Social media is making a bad political situation worse.

America’s polarization problem is bigger than we thought it would be. We’re living at a heightened time of partisanship — and not in the “we have differences of opinion” kind of way. And those divides have a way of compounding through social media.

Our country has been struggling with bias and polarization a long time. But the issue is about to get much more urgent. Polarization in social media assists influencers to become more influential. Animosity toward members of opposing parties is very high even though our divisions over policy preferences don’t appear to have grown. Severe inequality puts America at the brink of political violence. Then there’s distrust of facts and journalism organizations, which are necessary to protect democracy.

Hyper-partisanship, tense societal factors, and divergent news diets, or at least divergent interpretations of the news, are then fed back through social media which is likely amplifying our divisions. We don’t know exactly how the social media algorithms work that select what information we see because the technology is a black box controlled by the respective social media company that built it. What we do know is that social media has put less of an emphasis on news and more on engagement, and that posts with strong, emotional language have more engagement. It has addictive qualities just like a drug, alcohol or gambling habit. It’s more public than other media platforms. It’s easier to just jump into an argument and pile on. So the whole thing can be performative. More than talking, we’re showing ourselves off. You’d have a better chance of solving your issues over a meal face to face having a really intelligent and thoughtful conversation, than sitting behind a phone typing in caps.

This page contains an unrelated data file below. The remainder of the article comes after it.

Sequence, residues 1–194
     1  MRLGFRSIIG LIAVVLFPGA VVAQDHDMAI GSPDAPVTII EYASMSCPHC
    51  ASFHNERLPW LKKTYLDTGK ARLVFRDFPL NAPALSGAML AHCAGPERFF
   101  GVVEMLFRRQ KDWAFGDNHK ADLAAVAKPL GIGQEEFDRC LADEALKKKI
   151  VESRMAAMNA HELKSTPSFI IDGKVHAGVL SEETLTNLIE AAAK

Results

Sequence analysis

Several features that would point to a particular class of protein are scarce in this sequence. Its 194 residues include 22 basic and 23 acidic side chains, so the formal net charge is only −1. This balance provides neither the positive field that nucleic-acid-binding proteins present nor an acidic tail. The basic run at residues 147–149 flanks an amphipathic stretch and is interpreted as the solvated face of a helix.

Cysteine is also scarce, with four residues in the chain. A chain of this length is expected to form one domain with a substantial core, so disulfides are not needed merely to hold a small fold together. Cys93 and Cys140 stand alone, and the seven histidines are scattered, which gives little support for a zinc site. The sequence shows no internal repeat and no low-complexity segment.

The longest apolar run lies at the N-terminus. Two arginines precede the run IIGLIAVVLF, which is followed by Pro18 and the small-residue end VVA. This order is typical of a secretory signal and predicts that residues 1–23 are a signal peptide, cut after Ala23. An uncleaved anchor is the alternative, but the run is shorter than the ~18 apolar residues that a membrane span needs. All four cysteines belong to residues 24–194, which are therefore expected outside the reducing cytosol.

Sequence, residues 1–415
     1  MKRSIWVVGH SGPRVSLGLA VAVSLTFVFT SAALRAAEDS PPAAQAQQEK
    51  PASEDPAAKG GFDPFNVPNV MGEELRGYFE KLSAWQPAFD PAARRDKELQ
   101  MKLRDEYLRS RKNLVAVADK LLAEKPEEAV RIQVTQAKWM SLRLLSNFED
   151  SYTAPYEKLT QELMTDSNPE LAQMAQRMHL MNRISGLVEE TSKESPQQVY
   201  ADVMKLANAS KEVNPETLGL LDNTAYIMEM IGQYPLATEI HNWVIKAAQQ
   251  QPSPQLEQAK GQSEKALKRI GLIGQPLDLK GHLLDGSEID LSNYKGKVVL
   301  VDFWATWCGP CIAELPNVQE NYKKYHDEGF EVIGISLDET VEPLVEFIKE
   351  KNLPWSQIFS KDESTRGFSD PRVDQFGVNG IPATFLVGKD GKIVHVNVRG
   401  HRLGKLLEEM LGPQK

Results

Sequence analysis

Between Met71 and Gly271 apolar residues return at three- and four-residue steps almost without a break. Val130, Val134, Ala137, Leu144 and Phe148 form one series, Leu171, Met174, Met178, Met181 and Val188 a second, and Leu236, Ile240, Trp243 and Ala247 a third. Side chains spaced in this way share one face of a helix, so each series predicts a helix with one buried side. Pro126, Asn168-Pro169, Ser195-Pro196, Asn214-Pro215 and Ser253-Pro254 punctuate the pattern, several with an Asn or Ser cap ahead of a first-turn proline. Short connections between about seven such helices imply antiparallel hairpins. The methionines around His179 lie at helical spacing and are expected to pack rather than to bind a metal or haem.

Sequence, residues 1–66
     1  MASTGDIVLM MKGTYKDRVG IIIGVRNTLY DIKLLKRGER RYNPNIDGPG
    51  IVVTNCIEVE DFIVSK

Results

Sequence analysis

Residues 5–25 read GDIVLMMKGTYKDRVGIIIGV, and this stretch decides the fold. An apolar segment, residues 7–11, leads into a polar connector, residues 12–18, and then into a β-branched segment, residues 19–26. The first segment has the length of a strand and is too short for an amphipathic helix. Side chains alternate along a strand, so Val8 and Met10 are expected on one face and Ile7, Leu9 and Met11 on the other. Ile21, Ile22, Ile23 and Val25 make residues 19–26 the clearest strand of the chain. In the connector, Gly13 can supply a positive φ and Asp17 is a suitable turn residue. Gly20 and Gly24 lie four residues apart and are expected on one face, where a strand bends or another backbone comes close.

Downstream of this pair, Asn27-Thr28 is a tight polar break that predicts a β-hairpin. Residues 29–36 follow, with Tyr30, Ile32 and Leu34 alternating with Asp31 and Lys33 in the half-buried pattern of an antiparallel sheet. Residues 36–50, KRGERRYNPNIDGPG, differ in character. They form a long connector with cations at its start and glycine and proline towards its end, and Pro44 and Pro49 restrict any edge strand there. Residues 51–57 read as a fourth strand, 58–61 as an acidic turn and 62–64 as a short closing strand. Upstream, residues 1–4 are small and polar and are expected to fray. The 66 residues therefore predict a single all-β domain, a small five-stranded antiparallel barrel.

This radical change to the way that people express their political identities, access information, and communicate with each other fosters the development of increasingly negative feelings toward people who hold different political opinions. Scrolling through the social media news feed triggers a cascade of processes that result in negative attitudes about those who disagree with us politically. Inherent features of social media, paired with the norms of how people use these sites, heighten awareness of political identity. The mapping of nonpolitical cues to political identities reinforces the idea of a large gulf between political parties.

Social media radicalizes people through inflammatory messaging. Most recently, it has been awash in election misinformation. Social media is not focused on making the world a better place; it’s primarily focused on engagement, so it listens to us and gives us what we want. There’s little doubt in my mind that the way our media ecosystem works is enflaming political sectarianism. We also know that more people are getting their news from social media. Those who mainly get their news that way, are also less informed about current events and more likely to have been exposed to conspiracy theories.

Funny enough, despite getting so much news from social media, Americans don’t trust it. Distrust about social media platforms is one of few places Republicans and Democrats agree. It’s high time we deal with how social media has made a bad political situation worse. The problem of polarization on social media is multifaceted, and no single solution operating in isolation will remedy the root of the issue.

Mark Chmielinski

St. Maries

(2) comments

Chimo

Kudos to Twitter for permanently suspending Trumps account. I pray that FaceBook and Instagram will follow. Enough lethal misinformation!

Chimo

The Capitol Hill mob attack is a direct result of Trump's inciting Tweet.

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